The Lord is walking with us and providing what we need just in time. Never late, rarely early, just on time.”
For Eugene, as father and husband, the family fight with cancer has weighed heavily on his shoulders and his heart.
Eugene shared very candidly about his own struggles.
“When I found out that Kevin had cancer, it was literally a sucker punch to the gut. Perhaps it’s my Chinese heritage, but here is my No. 1 son, who I’ve been pouring in God, Jesus, the way of life, sports, Notre Dame – though you really don’t want to admit it, that first son is special. His life suddenly hit a brick wall. The imagery that came to mind was a jar of marbles: the jar represented Kevin, each marble representing a potential day in his life – now spilled and scattered on the ground, and I couldn’t figure out how to get the marbles back in the jar. I had a soul-cracking, heart-rending cry that evening, as I had an expletive-laced theological tirade with God.
But, He is faithful! In this darkest spot, where else do you turn? His is the Eternal Faithfulness, and I needed to look at myself and say, “Do I trust you, Lord?” And then when Karen was diagnosed, I was like, “What?! You don’t think I got the message the first time around?!” I felt like Job, where all that I care about was being stripped from me. One thing I got was that God wanted me to be humbled and broken, admitting my 100% need to lean into Him, but also that my family and I are a testimony to His awesome love for us frail, human, sinful beings. Despite all the things we do to steer away from Him, He is ALWAYS there. He wanted us, and still wants us, to bring that light into this world. All the “trite” Christian-ese phrases we toss about…are true!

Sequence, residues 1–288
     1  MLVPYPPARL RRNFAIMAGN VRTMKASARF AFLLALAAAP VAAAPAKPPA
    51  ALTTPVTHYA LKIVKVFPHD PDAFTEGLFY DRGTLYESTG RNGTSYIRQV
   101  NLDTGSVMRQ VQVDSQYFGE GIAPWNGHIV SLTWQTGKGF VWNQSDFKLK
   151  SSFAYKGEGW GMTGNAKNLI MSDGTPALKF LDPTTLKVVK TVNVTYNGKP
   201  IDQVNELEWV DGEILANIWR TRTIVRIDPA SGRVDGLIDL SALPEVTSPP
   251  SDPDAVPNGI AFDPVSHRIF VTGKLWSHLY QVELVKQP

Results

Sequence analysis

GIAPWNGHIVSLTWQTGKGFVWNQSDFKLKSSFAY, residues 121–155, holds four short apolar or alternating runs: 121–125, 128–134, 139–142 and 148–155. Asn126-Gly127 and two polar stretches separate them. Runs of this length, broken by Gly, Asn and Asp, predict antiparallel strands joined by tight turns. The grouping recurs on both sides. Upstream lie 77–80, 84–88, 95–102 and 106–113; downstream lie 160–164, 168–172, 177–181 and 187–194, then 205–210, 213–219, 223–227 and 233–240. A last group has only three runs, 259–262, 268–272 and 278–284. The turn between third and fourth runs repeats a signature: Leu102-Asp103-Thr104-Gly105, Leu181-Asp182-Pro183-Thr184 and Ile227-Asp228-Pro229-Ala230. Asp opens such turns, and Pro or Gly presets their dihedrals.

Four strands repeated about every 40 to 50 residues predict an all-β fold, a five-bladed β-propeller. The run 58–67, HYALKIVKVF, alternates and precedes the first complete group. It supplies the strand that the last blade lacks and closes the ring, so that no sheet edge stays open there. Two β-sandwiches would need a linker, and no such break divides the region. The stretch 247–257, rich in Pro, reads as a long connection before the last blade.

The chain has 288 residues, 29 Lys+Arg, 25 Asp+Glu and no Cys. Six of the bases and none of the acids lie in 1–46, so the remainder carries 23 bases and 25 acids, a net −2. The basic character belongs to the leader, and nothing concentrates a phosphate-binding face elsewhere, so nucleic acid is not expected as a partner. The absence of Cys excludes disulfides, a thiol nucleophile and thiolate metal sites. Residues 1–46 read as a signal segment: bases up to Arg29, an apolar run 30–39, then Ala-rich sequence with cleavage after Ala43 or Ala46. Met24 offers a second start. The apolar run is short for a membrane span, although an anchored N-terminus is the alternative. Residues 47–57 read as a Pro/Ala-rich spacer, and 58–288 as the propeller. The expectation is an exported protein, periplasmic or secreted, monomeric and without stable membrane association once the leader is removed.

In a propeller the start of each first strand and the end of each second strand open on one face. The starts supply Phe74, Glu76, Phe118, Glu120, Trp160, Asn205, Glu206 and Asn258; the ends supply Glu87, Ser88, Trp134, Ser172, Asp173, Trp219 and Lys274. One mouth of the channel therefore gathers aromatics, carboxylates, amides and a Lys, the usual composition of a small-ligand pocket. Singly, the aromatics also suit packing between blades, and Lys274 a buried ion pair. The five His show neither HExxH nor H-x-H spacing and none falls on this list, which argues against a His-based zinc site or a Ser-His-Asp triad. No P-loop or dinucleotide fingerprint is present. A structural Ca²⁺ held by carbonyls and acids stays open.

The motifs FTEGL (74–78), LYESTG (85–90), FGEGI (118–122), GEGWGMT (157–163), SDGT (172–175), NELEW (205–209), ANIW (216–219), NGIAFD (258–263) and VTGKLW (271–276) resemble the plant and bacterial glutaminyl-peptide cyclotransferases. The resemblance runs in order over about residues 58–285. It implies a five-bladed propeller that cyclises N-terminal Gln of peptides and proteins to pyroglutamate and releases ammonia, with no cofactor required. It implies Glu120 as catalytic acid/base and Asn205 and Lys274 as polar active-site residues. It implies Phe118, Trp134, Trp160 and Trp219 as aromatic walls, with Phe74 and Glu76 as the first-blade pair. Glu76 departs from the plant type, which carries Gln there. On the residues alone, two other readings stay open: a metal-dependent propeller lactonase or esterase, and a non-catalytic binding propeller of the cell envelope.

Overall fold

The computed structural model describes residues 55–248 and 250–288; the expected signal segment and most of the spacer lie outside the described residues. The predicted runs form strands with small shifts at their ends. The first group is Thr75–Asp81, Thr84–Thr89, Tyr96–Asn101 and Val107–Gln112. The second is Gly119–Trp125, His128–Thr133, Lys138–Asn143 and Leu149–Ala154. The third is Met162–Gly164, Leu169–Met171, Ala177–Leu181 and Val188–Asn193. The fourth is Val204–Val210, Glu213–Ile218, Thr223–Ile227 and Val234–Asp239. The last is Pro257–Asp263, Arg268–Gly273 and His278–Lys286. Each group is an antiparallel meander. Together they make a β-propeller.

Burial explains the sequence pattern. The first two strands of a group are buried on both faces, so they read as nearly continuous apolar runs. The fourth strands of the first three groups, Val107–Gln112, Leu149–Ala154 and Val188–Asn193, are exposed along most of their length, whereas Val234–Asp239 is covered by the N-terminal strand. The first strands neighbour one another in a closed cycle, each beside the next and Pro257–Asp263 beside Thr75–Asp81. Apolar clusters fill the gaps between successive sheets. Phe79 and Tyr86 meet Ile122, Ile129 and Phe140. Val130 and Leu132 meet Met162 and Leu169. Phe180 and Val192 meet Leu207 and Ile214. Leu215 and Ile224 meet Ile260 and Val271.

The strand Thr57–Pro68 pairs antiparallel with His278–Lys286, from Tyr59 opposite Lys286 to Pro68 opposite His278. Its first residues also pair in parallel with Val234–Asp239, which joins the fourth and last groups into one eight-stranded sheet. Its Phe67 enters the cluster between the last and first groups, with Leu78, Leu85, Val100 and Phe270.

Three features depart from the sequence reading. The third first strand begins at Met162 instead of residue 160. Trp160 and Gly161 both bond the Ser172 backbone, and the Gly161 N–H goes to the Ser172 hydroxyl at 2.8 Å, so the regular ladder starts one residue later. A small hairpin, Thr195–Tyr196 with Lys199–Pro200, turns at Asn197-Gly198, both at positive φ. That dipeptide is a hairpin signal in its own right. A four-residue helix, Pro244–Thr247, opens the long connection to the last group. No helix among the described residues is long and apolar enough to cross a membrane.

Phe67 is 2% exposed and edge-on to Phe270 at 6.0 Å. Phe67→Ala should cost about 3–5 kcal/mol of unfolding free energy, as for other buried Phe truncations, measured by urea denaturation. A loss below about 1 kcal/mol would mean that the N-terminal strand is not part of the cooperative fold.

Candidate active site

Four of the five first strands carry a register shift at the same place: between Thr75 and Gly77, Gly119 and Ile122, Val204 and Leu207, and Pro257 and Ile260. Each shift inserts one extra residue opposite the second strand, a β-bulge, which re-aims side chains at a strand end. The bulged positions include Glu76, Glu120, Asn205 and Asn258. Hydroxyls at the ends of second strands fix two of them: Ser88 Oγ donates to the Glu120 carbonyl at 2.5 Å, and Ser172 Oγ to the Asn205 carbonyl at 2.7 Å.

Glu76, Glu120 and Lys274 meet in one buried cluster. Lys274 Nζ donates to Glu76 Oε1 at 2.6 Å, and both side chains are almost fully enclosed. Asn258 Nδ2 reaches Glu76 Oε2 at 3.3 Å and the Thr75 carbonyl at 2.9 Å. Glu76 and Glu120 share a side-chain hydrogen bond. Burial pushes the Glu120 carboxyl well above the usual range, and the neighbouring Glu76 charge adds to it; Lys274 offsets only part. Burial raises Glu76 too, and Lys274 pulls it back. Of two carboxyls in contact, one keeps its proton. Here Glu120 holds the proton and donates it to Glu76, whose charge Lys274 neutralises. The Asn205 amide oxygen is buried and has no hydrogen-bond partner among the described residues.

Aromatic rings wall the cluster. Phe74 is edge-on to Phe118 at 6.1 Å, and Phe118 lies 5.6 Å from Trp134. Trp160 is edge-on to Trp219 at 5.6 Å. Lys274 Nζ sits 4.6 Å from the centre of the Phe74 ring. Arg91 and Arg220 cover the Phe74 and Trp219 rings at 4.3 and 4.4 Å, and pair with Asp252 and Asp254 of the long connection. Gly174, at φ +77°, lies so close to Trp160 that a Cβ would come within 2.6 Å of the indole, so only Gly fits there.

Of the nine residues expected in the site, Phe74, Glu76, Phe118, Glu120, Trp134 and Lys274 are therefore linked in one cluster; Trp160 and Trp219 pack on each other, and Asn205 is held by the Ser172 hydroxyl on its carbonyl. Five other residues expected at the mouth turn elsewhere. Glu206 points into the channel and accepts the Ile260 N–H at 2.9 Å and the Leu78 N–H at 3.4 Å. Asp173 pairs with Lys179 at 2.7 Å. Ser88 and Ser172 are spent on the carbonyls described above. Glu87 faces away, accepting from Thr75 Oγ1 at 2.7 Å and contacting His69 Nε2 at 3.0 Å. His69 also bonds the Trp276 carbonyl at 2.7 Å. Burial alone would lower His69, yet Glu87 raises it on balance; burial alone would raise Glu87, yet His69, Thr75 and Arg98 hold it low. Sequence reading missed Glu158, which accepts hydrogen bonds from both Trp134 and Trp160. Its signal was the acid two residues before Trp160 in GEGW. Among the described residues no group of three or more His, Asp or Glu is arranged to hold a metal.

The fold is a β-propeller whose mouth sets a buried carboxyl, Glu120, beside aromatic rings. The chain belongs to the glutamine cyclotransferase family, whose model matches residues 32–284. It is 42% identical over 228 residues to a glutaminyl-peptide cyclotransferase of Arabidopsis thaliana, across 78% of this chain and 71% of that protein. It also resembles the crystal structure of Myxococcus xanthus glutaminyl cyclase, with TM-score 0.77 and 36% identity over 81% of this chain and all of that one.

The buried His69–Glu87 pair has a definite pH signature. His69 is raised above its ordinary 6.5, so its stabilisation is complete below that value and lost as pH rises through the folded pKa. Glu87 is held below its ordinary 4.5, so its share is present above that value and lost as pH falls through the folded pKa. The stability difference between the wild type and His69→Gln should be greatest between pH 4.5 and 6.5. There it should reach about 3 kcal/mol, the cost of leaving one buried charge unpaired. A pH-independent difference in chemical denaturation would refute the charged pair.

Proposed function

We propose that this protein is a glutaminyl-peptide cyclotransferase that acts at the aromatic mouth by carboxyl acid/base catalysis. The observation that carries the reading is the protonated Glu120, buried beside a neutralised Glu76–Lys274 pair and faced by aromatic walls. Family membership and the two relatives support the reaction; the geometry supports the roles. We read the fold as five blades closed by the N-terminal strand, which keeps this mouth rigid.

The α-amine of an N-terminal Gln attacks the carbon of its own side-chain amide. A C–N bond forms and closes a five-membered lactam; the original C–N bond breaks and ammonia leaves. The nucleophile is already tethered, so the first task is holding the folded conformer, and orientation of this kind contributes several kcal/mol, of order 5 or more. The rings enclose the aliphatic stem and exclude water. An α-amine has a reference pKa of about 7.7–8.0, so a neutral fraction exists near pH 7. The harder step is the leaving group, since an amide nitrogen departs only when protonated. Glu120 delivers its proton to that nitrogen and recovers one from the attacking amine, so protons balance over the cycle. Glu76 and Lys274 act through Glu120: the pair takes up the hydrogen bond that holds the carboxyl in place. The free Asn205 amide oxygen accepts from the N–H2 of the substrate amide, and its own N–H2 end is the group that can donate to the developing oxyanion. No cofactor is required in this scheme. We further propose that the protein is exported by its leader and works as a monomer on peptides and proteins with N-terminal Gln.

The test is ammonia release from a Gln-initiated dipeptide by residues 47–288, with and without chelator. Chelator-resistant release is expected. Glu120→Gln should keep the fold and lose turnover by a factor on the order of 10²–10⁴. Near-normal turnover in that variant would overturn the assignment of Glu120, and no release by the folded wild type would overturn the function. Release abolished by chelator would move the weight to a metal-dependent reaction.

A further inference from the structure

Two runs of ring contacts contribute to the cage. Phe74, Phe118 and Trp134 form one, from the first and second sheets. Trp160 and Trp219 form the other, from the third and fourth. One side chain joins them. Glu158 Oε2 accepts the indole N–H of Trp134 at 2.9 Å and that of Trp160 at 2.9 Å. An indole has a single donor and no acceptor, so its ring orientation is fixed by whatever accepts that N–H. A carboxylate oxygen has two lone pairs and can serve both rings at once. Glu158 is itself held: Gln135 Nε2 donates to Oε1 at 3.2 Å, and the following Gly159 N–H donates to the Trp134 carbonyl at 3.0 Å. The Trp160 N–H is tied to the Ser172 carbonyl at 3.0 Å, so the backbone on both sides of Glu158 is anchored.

So, it made me think…what about MY jar? What am I doing with all my marbles? If I imagine a marble to be a day in my life – and I remove one each day – what did I do with those marbles that were removed? What did I do with today’s marble? What am I going to do with the marbles that remain? I have drawn my line in the sand (Joshua 24:15) and Jesus has given me purpose (Matthew 28:18-20)!”
In August of 2014, “Make-a-Wish” granted Kevin and the whole family, a meeting with Joe Montana in San Francisco.
Kevin was more than excited about sharing his experience.